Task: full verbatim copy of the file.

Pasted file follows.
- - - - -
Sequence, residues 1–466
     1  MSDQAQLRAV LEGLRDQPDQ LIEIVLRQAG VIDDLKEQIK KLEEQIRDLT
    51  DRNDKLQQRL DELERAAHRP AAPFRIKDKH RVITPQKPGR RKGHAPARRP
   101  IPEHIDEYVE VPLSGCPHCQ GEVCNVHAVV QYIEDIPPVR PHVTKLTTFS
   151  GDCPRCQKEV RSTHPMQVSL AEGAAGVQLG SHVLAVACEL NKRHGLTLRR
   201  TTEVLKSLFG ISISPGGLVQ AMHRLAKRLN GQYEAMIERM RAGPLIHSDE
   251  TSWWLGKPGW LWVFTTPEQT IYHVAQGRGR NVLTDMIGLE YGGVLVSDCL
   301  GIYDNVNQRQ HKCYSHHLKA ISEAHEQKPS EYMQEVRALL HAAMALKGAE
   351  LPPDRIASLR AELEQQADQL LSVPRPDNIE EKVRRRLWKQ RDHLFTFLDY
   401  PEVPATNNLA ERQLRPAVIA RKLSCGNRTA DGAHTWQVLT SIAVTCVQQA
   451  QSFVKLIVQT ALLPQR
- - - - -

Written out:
Sequence, residues 1–466
     1  MSDQAQLRAV LEGLRDQPDQ LIEIVLRQAG VIDDLKEQIK KLEEQIRDLT
    51  DRNDKLQQRL DELERAAHRP AAPFRIKDKH RVITPQKPGR RKGHAPARRP
   101  IPEHIDEYVE VPLSGCPHCQ GEVCNVHAVV QYIEDIPPVR PHVTKLTTFS
   151  GDCPRCQKEV RSTHPMQVSL AEGAAGVQLG SHVLAVACEL NKRHGLTLRR
   201  TTEVLKSLFG ISISPGGLVQ AMHRLAKRLN GQYEAMIERM RAGPLIHSDE
   251  TSWWLGKPGW LWVFTTPEQT IYHVAQGRGR NVLTDMIGLE YGGVLVSDCL
   301  GIYDNVNQRQ HKCYSHHLKA ISEAHEQKPS EYMQEVRALL HAAMALKGAE
   351  LPPDRIASLR AELEQQADQL LSVPRPDNIE EKVRRRLWKQ RDHLFTFLDY
   401  PEVPATNNLA ERQLRPAVIA RKLSCGNRTA DGAHTWQVLT SIAVTCVQQA
   451  QSFVKLIVQT ALLPQR